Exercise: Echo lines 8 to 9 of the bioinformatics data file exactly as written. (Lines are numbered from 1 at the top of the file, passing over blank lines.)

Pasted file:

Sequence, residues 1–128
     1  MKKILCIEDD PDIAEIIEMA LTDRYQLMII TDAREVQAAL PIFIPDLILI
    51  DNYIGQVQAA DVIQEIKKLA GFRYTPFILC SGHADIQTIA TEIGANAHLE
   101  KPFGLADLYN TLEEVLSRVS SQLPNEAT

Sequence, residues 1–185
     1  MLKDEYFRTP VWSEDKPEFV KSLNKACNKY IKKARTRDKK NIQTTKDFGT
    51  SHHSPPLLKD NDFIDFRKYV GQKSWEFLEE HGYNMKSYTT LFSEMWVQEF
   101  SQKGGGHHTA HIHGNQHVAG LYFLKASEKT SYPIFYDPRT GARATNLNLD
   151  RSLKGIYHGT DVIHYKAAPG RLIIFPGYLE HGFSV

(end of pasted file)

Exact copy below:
   101  SQKGGGHHTA HIHGNQHVAG LYFLKASEKT SYPIFYDPRT GARATNLNLD
   151  RSLKGIYHGT DVIHYKAAPG RLIIFPGYLE HGFSV